Five members of an alleged Chinese computer hacking gang that targeted more than 100 companies in the United States and abroad have been charged by the US Justice Department.

Federal prosecutors say the five Chinese citizens, along with two Malaysian businessmen, attacked social media companies, video game firms, computer manufacturers, software development companies and telecommunications firms.

The group, known as APT41, is also accused of hacking universities, nonprofits, foreign governments, politicians think-tanks and Hong Kong civil society members.

US officials did not go as far as claiming that the hackers were working directly for the Chinese Government, but Deputy Attorney General Jeffrey Rosen said that Beijing had at the least turned a blind eye to cyber crime.

“We know the Chinese authorities to be at least as able as the law enforcement authorities here and in likeminded states to enforce laws against computer intrusions,” Rosen said.

“But they choose not to.”

Rosen went on to claim that one of the Chinese defendants had told a colleague that he was “very close’ to China’s Ministry of State Security and was being protected “unless something big happens”.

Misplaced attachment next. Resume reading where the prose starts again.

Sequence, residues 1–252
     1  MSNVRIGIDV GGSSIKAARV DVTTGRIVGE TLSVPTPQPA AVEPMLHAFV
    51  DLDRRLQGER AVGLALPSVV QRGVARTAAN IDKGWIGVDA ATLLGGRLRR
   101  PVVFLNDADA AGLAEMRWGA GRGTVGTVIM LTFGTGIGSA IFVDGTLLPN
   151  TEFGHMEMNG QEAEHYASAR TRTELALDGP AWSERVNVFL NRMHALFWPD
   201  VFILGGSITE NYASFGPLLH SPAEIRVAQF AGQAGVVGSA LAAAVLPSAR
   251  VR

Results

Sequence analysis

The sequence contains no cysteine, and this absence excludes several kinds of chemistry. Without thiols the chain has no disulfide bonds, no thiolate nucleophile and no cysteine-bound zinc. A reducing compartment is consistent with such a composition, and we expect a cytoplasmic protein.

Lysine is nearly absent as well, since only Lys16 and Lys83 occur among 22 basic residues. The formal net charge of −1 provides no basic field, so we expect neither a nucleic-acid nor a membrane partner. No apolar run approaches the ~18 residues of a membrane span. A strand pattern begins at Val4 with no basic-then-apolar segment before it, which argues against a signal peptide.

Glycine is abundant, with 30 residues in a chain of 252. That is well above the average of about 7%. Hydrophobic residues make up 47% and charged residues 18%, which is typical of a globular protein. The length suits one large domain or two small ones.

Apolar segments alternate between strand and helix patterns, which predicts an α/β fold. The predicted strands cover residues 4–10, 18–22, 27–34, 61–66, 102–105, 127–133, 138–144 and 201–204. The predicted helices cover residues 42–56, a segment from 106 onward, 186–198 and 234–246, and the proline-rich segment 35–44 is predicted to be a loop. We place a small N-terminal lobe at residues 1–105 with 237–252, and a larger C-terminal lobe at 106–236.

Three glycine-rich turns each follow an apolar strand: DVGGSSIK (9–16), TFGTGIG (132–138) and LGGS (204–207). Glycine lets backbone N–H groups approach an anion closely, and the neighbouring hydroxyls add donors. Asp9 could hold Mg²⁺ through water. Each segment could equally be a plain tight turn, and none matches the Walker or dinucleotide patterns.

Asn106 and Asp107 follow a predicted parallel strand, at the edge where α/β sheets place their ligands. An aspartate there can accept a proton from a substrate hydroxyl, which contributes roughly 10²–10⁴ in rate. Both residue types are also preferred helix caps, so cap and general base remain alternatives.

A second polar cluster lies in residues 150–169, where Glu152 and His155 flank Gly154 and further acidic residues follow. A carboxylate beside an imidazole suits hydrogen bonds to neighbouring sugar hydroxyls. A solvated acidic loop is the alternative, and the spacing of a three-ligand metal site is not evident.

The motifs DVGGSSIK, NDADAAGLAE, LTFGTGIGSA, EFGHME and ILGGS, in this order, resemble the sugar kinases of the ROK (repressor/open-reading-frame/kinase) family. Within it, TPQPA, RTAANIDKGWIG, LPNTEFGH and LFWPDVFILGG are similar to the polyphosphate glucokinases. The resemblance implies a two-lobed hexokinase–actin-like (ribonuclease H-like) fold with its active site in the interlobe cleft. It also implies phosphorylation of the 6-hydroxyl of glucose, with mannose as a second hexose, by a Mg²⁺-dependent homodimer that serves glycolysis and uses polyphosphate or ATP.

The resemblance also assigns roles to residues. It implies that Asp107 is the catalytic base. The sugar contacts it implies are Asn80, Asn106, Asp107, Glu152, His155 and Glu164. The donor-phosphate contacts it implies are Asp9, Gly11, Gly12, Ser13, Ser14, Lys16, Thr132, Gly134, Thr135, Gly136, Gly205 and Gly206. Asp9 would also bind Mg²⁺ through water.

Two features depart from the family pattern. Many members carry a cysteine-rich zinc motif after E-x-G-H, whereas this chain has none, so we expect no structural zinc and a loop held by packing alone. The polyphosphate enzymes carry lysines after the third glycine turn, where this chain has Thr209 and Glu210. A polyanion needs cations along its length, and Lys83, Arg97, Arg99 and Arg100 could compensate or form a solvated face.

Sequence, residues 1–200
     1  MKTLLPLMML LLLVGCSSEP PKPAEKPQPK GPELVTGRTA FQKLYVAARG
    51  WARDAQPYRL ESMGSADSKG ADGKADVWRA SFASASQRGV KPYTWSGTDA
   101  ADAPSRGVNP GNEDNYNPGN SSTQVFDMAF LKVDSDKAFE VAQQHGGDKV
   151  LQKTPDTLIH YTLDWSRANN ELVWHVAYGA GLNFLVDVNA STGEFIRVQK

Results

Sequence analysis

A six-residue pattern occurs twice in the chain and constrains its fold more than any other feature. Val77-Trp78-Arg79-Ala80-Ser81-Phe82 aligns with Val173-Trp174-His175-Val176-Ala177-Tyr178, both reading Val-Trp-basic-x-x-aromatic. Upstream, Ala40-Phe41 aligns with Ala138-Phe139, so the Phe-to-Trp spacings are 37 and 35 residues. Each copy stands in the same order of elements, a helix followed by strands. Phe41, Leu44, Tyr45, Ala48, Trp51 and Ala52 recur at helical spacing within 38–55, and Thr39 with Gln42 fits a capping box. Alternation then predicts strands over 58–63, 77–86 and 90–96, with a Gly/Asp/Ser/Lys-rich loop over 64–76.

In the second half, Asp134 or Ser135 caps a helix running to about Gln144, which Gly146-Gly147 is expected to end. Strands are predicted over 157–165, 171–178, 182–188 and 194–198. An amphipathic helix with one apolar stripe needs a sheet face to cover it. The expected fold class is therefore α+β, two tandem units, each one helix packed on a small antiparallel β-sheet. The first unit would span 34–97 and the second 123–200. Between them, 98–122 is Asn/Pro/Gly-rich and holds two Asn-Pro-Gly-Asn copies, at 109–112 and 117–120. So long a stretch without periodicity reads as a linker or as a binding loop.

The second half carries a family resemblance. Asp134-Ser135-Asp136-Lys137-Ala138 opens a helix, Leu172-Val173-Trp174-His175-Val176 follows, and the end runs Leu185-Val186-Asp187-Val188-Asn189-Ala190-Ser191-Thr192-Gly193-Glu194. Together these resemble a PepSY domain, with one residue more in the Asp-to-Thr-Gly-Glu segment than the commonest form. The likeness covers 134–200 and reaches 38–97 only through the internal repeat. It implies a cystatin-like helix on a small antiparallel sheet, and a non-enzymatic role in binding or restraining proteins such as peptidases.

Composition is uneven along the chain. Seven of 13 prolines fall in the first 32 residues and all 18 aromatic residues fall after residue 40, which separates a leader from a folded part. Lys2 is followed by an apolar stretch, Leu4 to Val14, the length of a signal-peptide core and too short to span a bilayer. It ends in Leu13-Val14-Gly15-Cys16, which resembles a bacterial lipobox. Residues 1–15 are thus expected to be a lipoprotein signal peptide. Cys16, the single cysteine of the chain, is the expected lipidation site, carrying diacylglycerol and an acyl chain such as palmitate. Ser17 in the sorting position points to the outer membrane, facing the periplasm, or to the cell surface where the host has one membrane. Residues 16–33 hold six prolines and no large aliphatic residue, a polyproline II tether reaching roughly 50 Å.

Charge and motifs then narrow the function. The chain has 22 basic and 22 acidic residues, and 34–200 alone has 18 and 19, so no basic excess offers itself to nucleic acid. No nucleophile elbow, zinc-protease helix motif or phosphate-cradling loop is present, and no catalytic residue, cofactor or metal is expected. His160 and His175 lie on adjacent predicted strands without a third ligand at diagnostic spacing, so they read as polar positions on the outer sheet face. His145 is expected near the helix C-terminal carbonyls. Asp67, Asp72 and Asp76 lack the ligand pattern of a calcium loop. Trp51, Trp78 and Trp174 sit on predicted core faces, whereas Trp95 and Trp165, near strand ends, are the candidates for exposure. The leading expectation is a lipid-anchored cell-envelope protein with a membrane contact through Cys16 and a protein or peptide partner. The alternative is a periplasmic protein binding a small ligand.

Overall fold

“No responsible government knowingly shelters cyber criminals that target victims worldwide in acts of rank theft,” said Rosen.

The indictments against the group are part of a larger effort by the Trump administration to highlight Chinese cybercrime.

In July prosecutors accused China of working with hackers to target firms developing vaccines for the coronavirus.

The five Chinese citizens remain at large but two Malaysian businessmen were arrested in their country and the US Assistant Attorney General for National Security John Demers says they are both likely to fight extradition to the US.

Wong Ong Hua, 46, and Ling Yang Ching, 32, were charged with conspiring with two of the hackers to profit from intrusions into video game firms in the United States, France, Japan, Singapore and South Korea.

The Justice Department says search warrants issued earlier this month allowed them to seize hundreds of servers, domain names, accounts and “dead drop” Web Pages used by the gang to allegedly steal data from victims.

And the department credited Microsoft Corp for playing a “significant part” in developing systems to block the hackers.

Microsoft has not commented. 



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